Colette Balmain discusses one of Hong Kong’s most enduring icons through her most famousnon-conforming gender roles…
In Swordsman II (dir. Ching Siu-tung, Hong Kong: 1991), Brigitte Lin plays the ambitious Dongfang Bu Bai who seizes control of the Sun Moon Holy Culture Sect in order to vanquish the Japanese and become the leader of China. In order to gain the supernatural kung-fu power to do so, Dongfang must sacrifice his manhood. The act of castration, however, is not simply a movement from one binary gender (male) to the other (female) but rather a movement to a nonbinary gender position: that of a Eunuch. As a man becoming a Eunuch was a powerful identity formation from the Han Dynasty onwards in Imperial China as only Eunuchs were allowed inside the Forbidden City’s private quarters (poor families would sometimes castrate their sons in the hope of future success). Eunuchs therefore often occupied high positions in the Imperial Court as they were not seen as a threat to the line of succession. In Swordsman II, once castrated, Dongfang becomes ‘Asia the Invincible’ with devastating martial art powers that allows them to subdue their enemies and obtain political power over their opponents. Chan (2006) stresses that castration in Hong Kong cinema is “a radical mean” of achieving power (114). In addition, Asia retains all signifiers of male privilege including his concubines whose presence as objects of desire functions to question the heterosexual matrix of privilege through which patriarchy operates. Asia’s romantic relationships with Cici (Candice Yu On-On) in Swordsman II and Snow (Joey Wong) in the sequel Swordsman III: East is Red (1993) offer visible evidence of the distinction between sex (biology), gender (social construction) and sexuality (desire) that is integral to Judith Butler’s theory of gender as performative (doing) rather than iterative (being).
As time passes in Swordsman II, Asia becomes more feminine as demonstrated by the fact that his voice becomes her voice mid-way through the film while their bodily stances and expressions remain resolutely male. While theoretically woman is constructed as a castrated male in psychoanalytical terms, it is evident here that Asia can be most productively be classified as genderqueer or gender non-conforming. The act of cross-dressing stresses the performative nature of gender which has a long tradition in China (as it does in Korea) especially in Peking Opera where female roles used to be played exclusively by men whose performances were judged on how ‘authentic’ their femininity and femaleness were: that is rather than act as women, actors needed to ‘become’ women moving the performance away from the conventions of drag which tends exaggeration is privileged overexpression. In a similar way despite being considered one of China’s most beautiful actresses, Brigitte Lin’s roles as men, of which the Swordsmen II is not the first or last, were neither ironic or parodies, but were meant to be taken seriously. This is shown by the attention to detail in the Swordsman III: The East is Red through embodied signs and linguistic features where Asia adopts the outer costume and mannerisms of the Japanese samurai General, Kirigakure, as well as the corresponding language and speech pattern in order to attack the Japanese colonisers from within. Further in The East is Red, there is not one but rather multiple Asias, as power-hungry leaders of opposing factions utilise the disguise in order to control their people. One of these imposters is Snow, Asia’s concubine, whose imitation of her “male” lover provides a mechanism through which she can deal with the loss of Asia and whose death at the end of the film allows Asia’s recuperation into humanity.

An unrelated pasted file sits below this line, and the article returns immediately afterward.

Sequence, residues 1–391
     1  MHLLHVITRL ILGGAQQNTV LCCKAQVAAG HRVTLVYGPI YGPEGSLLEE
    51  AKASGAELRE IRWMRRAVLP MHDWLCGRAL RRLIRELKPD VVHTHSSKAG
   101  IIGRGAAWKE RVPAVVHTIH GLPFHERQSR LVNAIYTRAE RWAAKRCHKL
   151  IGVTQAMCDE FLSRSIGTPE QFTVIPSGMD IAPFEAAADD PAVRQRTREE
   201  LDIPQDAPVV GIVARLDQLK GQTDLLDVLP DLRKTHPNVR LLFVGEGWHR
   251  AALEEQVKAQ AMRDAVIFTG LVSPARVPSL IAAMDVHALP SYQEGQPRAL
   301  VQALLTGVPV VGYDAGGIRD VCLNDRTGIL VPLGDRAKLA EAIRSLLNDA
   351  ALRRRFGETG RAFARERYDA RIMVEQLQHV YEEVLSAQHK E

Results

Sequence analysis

While Brigitte Lin has on several occasions in interviews disputed her ‘femininity’, it is clear that even in her cross-dressing roles her star power would have meant that audiences at the time were much more likely to interpret her performance within conventional gendered terms and within normative paradigms. Despite this, it is evident that the constraining dictates of the male gaze in cinema were loosened by the oscillation between male, neutral and female personas as performed by Lin. The wuxia genre in particular with its Perhaps the best example of this is Ashes of Time directed by Wong Kai-wai which was her last film before retirement from the Industry at 40. Here Lin plays a pivotal role as Dugu Qiubai, a master swordsman or Sword Devil (who is male in three wuxia novels written by Jin Yong from which the film is very loosely adapted), who we first meet in the guise of Yang Murong during a bar brawl with Huang (Tony Leung Kai-fei). Later Huang agrees to marry Yang’s twin sister, Yin Murong but does not turn up for their first meeting which enrages Yang who then employs an assassin to kill him. However, Yin also hires the same killer to protect Huang creating a narrative impasse which blocks all action and leaves only space for contemplation of the passing of time. The use of Yang and Yin as names here is significant as Yang and Yin are the male and female principles in Chinese philosophy. It is no surprise therefore that Yang and Yin are revealed to be the male and female sides of the legendary swordsman Dugu Qiubai. As in the Swordsman films, Lin uses her body posture and mannerisms to delimit the difference between Yang and Yin foregrounding the social and cultural construction of gender by demonstrating once again that gender is performative rather than iterative through the inscription and embodiment of both male and female principles onto the same body. Chan argues that such roles open up a space of possibility and questions the viability of gender paradigms. Indeed the wuxia genre is one of the few action-orientated genres that allows women to be active protagonists (however negotiated that might be) in the role of knight-errant rather than solely exist for romantic purposes.